A Year of Doing Absolutely Nothing

In my last post, I talked about how to afford education. Another option that I didn’t mention, and that the web links didn’t speak to, is a gap year.

A gap year is a relatively unknown thing in North America, but is very prevalent in the UK and Europe. Technically (if you can get technical about these things) a gap year is taking a year off between high school and college or university and not doing any study or any work.

Unless young people are independently wealthy, the “not doing any work” part might be considered optional. A year of work might be the best choice. Consider this study, brought to my attention by Ken Steele’s Academica’s Top Ten. While it’s just an abstract, unless you want to “Buy NOW”, it appears to show some positive effect on academic motivation.

I don’t have a study at the tip of my fingers, but I’ve heard people refer to the danger of taking a year off: that the year becomes a lifetime and the person never enrolls in college or university (gasp!). However, I wonder if anyone has ever studied my hypothesis: that students who have low academic motivation and who enroll in university and who drop out after their first year (we know those stats are very high) might have better academic success if they took a gap year. This chance of better success likely outweighs the cost of those who do not return to study or who never enroll in the first place.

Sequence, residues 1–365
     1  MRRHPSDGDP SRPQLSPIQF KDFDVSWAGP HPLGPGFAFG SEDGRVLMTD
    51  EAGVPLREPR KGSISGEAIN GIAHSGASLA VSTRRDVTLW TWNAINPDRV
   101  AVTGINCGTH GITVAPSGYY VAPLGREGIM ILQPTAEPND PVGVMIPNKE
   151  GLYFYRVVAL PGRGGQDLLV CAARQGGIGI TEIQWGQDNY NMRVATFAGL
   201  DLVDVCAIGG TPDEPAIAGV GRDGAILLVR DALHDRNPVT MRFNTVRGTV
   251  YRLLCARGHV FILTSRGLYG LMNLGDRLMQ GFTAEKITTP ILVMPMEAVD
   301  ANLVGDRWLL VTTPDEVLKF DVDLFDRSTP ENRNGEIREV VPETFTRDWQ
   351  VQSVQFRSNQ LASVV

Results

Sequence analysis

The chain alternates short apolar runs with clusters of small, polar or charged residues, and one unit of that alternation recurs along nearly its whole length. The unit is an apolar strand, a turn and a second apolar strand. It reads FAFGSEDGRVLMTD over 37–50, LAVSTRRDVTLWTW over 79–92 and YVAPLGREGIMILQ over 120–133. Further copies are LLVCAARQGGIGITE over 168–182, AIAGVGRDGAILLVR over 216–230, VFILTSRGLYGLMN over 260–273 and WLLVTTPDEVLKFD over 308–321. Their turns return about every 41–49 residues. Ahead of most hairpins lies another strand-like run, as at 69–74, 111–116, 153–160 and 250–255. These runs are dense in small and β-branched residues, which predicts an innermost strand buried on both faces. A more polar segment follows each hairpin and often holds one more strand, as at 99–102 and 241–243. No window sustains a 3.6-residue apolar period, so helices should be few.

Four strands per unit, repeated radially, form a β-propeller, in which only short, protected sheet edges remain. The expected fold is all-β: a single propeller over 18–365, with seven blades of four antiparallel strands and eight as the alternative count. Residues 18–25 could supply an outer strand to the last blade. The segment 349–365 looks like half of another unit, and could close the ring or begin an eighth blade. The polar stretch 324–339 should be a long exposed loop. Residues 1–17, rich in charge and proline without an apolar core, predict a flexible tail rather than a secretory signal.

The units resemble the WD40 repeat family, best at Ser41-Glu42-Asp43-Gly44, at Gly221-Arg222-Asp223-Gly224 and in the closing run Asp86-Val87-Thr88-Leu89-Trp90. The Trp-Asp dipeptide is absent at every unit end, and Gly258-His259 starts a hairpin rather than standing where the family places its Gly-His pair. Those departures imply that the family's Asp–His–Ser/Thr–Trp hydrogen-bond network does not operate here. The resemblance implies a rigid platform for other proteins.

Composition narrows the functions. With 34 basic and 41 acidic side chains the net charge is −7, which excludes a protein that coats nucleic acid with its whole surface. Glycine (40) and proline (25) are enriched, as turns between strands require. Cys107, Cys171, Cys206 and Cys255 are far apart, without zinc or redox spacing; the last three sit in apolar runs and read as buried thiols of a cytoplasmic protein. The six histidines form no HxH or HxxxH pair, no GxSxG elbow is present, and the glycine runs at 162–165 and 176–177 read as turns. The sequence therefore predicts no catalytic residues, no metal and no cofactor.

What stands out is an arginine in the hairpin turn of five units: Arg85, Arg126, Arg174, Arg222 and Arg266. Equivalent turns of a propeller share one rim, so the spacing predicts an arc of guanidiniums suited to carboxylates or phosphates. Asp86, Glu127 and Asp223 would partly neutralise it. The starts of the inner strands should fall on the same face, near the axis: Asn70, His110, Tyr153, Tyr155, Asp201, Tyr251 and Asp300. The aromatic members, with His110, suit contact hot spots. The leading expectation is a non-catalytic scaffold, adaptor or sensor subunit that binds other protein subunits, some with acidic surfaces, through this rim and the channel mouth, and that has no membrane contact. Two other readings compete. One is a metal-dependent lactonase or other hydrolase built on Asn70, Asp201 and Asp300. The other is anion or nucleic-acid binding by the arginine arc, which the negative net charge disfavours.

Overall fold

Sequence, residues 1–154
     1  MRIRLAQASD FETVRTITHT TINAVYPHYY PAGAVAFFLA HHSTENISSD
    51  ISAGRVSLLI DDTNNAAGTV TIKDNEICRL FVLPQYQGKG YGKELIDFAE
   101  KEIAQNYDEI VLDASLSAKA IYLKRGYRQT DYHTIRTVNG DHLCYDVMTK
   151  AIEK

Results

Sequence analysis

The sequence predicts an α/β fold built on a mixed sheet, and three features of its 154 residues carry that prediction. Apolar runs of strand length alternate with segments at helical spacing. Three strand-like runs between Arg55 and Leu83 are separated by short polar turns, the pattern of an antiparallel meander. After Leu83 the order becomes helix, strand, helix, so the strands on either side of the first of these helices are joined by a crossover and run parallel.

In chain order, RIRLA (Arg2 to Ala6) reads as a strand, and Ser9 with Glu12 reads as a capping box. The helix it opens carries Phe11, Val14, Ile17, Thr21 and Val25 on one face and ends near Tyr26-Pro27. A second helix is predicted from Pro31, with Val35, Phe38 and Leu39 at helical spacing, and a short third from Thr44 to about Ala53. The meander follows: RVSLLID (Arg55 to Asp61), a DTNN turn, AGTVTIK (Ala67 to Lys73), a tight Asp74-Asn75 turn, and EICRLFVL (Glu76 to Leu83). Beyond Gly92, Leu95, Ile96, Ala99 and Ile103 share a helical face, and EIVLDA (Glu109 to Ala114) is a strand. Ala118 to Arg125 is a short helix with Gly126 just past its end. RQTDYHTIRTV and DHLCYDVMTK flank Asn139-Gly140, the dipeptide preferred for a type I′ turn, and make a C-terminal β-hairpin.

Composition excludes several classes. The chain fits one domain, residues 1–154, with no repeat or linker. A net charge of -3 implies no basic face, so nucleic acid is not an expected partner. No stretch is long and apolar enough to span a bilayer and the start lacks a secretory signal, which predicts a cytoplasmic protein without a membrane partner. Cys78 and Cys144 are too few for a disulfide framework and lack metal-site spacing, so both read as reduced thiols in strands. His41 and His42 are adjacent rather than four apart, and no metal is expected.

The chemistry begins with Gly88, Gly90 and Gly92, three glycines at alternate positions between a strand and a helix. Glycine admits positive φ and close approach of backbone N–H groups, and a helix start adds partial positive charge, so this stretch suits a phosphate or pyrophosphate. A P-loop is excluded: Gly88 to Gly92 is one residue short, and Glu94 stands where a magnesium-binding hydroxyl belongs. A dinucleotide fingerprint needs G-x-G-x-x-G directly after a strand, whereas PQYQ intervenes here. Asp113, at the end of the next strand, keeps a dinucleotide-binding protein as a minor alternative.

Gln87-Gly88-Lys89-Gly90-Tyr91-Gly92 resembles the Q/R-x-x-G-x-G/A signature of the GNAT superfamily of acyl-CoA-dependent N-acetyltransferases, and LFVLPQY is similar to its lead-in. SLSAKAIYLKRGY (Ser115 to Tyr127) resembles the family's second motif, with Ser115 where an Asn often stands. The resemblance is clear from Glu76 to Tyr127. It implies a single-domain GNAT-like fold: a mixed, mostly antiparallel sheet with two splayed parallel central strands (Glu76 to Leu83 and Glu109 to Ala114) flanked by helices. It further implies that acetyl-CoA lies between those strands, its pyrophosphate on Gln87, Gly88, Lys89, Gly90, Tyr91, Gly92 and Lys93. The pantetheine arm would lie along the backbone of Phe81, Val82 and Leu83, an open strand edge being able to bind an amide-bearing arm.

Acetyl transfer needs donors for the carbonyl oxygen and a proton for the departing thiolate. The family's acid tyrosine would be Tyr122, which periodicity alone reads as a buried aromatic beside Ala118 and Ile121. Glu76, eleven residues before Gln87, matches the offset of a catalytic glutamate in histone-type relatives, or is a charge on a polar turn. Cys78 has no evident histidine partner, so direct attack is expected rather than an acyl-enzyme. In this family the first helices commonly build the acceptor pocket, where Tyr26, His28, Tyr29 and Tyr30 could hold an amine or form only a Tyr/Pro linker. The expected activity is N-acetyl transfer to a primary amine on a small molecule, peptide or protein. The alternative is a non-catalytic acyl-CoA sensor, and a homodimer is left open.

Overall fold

My son is taking a gap year, mostly because he can’t afford university immediately, but also because he’s not quite sure what academic track he wants to pursue. We’re supportive of his decision and we’re not really worried about whether he will enroll in university next year. He’ll be much more secure financially and will have another year to mature and grow in his interests, all which bode well for his future academic success.

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